Once you are set up to receive weather updates, the next step in hurricane preparedness is to be able to distinguish between the terminologies used to describe various storm systems. Where hurricanes and tropical storms are concerned, the following definitions are critical.

WATCH vs. WARNING: THE DIFFERENCE

TROPICAL STORM WATCH

Tropical storm conditions (defined by sustained winds of 39 to 73 mph) are possible within a specified coastal area within 48 hours.

TROPICAL STORM WARNING

Tropical storm conditions (defined by sustained winds of 39 to 73 mph) are expected somewhere within a specified coastal area within 36 hours.

HURRICANE WATCH

Hurricane conditions (defined by sustained winds of 74 mph or higher) are possible within a specified coastal area. Because hurricane preparedness activities become difficult once winds reach tropical storm force, the hurricane watch is issued 48 hours in advance of the anticipated onset of tropical-storm-force winds.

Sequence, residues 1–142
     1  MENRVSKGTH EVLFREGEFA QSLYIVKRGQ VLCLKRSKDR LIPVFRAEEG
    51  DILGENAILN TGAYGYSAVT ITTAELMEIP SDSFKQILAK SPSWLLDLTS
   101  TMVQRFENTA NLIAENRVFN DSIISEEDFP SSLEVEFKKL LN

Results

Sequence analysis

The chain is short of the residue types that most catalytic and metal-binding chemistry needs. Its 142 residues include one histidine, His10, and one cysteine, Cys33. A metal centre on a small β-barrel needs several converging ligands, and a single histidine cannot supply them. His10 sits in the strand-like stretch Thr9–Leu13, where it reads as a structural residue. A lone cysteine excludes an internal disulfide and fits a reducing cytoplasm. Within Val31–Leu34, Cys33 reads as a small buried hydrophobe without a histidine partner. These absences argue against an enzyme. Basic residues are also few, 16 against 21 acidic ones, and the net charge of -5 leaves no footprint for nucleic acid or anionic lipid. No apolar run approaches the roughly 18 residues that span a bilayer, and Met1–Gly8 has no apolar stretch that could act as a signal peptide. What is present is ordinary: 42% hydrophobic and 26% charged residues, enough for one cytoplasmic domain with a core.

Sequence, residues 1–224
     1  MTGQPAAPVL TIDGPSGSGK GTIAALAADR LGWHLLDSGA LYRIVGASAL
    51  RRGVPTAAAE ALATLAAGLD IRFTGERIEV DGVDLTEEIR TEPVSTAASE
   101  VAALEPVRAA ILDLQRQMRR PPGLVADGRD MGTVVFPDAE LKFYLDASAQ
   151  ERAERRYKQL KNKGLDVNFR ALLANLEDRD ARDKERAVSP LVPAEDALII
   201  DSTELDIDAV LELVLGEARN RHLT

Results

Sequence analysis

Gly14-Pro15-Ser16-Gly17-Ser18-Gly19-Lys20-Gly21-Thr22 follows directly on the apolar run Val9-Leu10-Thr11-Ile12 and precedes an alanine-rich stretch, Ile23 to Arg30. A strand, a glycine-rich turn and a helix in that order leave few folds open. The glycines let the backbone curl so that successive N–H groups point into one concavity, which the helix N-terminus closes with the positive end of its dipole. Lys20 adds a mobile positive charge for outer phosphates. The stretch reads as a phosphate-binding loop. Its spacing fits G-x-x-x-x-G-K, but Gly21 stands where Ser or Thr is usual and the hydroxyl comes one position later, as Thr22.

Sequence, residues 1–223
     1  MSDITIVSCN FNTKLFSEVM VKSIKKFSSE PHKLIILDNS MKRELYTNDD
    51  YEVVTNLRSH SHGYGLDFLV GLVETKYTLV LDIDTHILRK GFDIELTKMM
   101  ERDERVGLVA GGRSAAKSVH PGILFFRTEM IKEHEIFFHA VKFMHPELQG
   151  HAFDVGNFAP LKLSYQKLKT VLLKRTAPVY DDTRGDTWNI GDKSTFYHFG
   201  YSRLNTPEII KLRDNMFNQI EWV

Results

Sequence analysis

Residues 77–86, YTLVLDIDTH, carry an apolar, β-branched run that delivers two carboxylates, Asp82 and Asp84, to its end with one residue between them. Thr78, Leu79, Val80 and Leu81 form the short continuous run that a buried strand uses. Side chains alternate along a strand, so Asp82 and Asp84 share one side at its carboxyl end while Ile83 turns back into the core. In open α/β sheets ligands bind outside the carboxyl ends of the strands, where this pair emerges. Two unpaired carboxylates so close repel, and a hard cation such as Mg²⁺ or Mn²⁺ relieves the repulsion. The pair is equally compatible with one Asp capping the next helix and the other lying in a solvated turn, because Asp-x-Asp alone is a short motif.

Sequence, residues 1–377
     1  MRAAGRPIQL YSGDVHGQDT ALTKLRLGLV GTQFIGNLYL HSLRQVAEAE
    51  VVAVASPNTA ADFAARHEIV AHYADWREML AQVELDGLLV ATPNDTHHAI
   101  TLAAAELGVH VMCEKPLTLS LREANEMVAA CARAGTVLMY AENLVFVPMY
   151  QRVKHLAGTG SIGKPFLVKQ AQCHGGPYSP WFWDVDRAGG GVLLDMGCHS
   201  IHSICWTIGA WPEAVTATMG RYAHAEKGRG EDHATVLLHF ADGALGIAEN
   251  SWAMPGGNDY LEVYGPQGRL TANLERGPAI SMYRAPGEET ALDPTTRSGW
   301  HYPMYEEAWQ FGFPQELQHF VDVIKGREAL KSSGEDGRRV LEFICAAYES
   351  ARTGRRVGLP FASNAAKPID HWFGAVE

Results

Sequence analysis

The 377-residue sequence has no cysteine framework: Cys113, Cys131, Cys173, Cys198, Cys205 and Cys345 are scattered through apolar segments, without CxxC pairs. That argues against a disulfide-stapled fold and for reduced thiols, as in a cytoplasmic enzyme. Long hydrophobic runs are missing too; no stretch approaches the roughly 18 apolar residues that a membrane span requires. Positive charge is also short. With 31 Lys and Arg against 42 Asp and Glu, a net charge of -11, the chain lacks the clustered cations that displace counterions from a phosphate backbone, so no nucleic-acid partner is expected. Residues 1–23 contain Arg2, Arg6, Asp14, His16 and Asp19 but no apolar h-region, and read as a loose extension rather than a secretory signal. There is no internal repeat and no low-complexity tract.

HURRICANE WARNING

An announcement that hurricane conditions (defined by sustained winds of 74 mph or higher) are expected somewhere within a specified coastal area. Because hurricane preparedness activities become difficult once winds reach tropical storm force, the hurricane warning is issued 36 hours in advance of the anticipated onset of tropical-storm-force winds.

Once you determine that a hurricane or tropical storm watch or warning is in effect, take the following steps:

  • Listen to a battery-operated radio or television for hurricane progress reports.
  • Check emergency supplies.
  • Fuel car.